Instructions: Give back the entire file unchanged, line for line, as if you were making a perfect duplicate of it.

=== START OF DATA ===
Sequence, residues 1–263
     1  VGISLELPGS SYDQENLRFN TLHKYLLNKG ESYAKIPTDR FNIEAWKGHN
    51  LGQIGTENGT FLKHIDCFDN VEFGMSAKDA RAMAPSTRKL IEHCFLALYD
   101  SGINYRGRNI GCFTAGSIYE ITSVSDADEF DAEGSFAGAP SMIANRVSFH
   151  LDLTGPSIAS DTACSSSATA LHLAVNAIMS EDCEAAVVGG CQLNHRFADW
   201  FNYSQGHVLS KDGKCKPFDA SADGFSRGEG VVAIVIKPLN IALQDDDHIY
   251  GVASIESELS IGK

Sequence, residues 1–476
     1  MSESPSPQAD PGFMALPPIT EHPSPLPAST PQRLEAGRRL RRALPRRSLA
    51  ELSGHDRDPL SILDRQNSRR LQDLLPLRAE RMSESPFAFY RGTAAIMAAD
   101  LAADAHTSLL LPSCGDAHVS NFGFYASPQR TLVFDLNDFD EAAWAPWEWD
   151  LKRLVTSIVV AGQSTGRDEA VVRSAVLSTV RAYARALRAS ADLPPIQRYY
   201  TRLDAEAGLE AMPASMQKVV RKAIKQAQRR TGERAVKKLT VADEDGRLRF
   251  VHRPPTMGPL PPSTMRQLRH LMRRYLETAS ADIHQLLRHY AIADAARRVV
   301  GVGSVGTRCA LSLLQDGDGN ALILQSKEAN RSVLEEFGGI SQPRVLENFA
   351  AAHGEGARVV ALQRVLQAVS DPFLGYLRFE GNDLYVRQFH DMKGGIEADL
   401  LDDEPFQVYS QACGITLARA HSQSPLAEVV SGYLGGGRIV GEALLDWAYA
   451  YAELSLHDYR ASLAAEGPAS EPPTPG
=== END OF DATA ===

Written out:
Sequence, residues 1–263
     1  VGISLELPGS SYDQENLRFN TLHKYLLNKG ESYAKIPTDR FNIEAWKGHN
    51  LGQIGTENGT FLKHIDCFDN VEFGMSAKDA RAMAPSTRKL IEHCFLALYD
   101  SGINYRGRNI GCFTAGSIYE ITSVSDADEF DAEGSFAGAP SMIANRVSFH
   151  LDLTGPSIAS DTACSSSATA LHLAVNAIMS EDCEAAVVGG CQLNHRFADW
   201  FNYSQGHVLS KDGKCKPFDA SADGFSRGEG VVAIVIKPLN IALQDDDHIY
   251  GVASIESELS IGK

Sequence, residues 1–476
     1  MSESPSPQAD PGFMALPPIT EHPSPLPAST PQRLEAGRRL RRALPRRSLA
    51  ELSGHDRDPL SILDRQNSRR LQDLLPLRAE RMSESPFAFY RGTAAIMAAD
   101  LAADAHTSLL LPSCGDAHVS NFGFYASPQR TLVFDLNDFD EAAWAPWEWD
   151  LKRLVTSIVV AGQSTGRDEA VVRSAVLSTV RAYARALRAS ADLPPIQRYY
   201  TRLDAEAGLE AMPASMQKVV RKAIKQAQRR TGERAVKKLT VADEDGRLRF
   251  VHRPPTMGPL PPSTMRQLRH LMRRYLETAS ADIHQLLRHY AIADAARRVV
   301  GVGSVGTRCA LSLLQDGDGN ALILQSKEAN RSVLEEFGGI SQPRVLENFA
   351  AAHGEGARVV ALQRVLQAVS DPFLGYLRFE GNDLYVRQFH DMKGGIEADL
   401  LDDEPFQVYS QACGITLARA HSQSPLAEVV SGYLGGGRIV GEALLDWAYA
   451  YAELSLHDYR ASLAAEGPAS EPPTPG